Re: Reducing parking spaces
From: Holly Wilder (
Date: Thu, 20 Jun 2013 12:07:45 -0700 (PDT)
Hi All,

I haven't read this thread, but have gotten the general gist and just want to 
mention what is happening here at Nyland.  We have been debating for years 
whether or not we should build MORE parking spaces.  Nyland was built to 
accommodate 2 spaces per house plus a few extras.  Some of those spaces are 
reserved carport spots, and a few units have garages, but most are unreserved 
spots in the lot.  As children have grown into teens who drive, and more owners 
are renting out parts of their homes to make mortgage payments, there are a lot 
of cars here. And that isn't going to change.  We're on a bus line and all have 
bus passes, and lots of folks use that and ride bikes.  Nevertheless, many (if 
not most) households now have more than 2 cars.  We are lucky to have overflow 
parking on the street, but residents coming home later are bummed out when they 
can't find a spot on the lot.  

We've tried various things over the years - people paying extra dues for more 
vehicles, that sort of thing - to create some sense of justice.  We're well on 
our way to creating a new lot (lucky we have room for it!), but it is an 
expensive and controversial project.  There has been a lot of bad blood around 
this over the years.  

My take on this is that this is America and cars are a reality here, and 
whatever you start out with when you build your community, more cars may come 

- Holly in Colorado

Holly Wilder
Visionary Properties LLC
hollywilder23 [at]
(303) 517-4180 cell
(303) 447-8204 fax

On Jun 20, 2013, at 12:53 PM, Sharon Villines wrote:

>> Our forming community would like to minimize the number of parking spaces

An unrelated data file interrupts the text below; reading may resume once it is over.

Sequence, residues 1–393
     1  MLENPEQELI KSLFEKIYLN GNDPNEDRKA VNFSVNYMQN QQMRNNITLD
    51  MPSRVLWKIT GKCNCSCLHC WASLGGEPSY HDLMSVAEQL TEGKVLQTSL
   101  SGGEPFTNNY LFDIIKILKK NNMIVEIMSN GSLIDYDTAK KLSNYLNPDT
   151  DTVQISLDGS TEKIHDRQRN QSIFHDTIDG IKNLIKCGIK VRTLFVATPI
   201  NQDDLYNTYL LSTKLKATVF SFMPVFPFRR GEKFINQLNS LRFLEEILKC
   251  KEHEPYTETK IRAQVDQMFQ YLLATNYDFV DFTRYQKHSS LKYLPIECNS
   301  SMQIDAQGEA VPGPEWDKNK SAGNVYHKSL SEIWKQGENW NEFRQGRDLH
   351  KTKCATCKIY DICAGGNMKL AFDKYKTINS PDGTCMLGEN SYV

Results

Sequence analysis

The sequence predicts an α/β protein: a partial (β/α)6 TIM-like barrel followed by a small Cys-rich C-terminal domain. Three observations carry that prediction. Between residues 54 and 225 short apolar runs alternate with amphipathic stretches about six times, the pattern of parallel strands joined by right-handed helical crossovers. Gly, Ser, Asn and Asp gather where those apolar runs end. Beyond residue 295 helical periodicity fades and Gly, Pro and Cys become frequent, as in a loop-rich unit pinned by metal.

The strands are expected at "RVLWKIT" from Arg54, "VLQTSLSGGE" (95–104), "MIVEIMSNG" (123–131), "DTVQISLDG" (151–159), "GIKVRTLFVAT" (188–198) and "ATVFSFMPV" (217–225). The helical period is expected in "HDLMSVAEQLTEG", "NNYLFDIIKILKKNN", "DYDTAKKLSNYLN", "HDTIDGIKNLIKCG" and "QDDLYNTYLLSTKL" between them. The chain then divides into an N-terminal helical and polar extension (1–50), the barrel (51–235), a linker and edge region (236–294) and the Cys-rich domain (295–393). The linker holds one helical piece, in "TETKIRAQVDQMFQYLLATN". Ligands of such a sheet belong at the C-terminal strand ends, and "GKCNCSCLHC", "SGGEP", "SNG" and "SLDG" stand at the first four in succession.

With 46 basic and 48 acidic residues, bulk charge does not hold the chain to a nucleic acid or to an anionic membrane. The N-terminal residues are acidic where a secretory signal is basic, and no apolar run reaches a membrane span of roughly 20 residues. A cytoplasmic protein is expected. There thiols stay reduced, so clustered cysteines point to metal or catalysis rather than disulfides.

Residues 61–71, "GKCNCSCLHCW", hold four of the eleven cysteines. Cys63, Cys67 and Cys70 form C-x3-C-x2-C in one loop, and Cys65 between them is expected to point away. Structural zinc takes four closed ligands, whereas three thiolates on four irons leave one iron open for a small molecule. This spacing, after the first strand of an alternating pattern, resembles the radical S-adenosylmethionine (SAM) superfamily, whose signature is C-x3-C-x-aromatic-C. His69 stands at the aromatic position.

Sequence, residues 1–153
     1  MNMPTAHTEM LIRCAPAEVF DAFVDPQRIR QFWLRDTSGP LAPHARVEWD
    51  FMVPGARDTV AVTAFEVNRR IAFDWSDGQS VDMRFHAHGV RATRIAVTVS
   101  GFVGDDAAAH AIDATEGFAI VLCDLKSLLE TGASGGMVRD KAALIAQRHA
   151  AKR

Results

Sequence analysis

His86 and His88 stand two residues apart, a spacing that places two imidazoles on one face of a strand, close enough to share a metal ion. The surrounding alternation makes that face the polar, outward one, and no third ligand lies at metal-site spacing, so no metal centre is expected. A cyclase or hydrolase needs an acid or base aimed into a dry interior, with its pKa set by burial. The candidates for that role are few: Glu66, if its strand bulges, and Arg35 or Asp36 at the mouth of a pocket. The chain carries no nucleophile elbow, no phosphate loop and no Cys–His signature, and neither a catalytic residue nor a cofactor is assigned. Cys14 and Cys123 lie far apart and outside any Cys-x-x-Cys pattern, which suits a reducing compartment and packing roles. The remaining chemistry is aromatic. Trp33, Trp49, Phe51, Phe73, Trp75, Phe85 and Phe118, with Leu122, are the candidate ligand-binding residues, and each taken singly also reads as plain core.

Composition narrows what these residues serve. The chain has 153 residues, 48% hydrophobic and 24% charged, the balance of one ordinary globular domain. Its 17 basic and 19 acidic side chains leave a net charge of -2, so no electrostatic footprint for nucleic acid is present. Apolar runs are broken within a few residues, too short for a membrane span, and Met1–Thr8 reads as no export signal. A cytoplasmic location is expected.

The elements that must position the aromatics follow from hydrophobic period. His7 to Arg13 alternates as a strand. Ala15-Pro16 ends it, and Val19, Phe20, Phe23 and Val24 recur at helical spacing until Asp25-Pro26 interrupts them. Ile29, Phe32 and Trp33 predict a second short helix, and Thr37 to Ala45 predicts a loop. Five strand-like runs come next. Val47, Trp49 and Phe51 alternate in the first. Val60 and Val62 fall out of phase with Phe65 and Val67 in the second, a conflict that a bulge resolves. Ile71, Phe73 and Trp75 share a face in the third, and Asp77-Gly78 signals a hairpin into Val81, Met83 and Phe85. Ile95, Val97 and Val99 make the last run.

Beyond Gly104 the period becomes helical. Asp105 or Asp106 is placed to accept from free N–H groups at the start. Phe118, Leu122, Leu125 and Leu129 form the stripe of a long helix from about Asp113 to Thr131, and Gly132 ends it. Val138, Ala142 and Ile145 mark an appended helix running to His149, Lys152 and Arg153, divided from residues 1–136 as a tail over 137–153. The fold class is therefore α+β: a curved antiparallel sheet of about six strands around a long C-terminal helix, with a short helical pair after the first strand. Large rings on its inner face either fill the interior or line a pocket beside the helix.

>> per unit.  We've been thinking of ways to discourage on-site parking (we
>> live in a bike-friendly town near a bus stop).
>> Doug Hanvey
>> Bloomington Cohousing
>> Bloomington, Indiana
> Think twice and three times. Reducing driving is a good thing but reducing 
> cars is not always optimum. Many households will need cars for the following 
> reasons:
> Transporting children to soccer, school, piano lessons, doctors, etc.
> Working odd hours and returning home at 3 am
> Cannot physically ride bikes or walk long distances
> Weather not suitable for bikes or walking  when you have to wear suits to work
> Weekend trips to hike, climb, visit family and friends, etc.
> And other odd reasons, like in DC, you can't be a foster parent unless you 
> have a car. Shared cars will work for some but many professional jobs and 
> childcare needs aren't optional travel that can be adjusted to whenever a car 
> is available. So not having a parking space may be a deal breaker for many.
> We have one space per unit and that works pretty well. People who had two 
> cars when they moved in have reduced to one because we borrow each other's 
> cars and have ~8-10 ZipCars nearby. Several people do not have cars and loan 
> their spaces to guests or workers. Or rent them.
> Prices for units without parking will have to be lower than with parking -- 
> ask a local real estate broker what a parking space costs in Bloomington. 
> What does it add to value? How limiting will it be on resales?
> AND remember that parking spaces can be used for many things besides parking 
> -- cluster them for basketball, hopscotch, learning to ride a bicycle, 
> skateboarding, bike parking, etc. It's space that can be very useful. 
> Using permeable pavers or pervious surfaces would allow you to avoid storm 
> drains and still use the space for something else. Though some permeable 
> pavers are not approved for accessibility.
> Sharon
> ----
> Sharon Villines
> Takoma Village Cohousing, Washington DC
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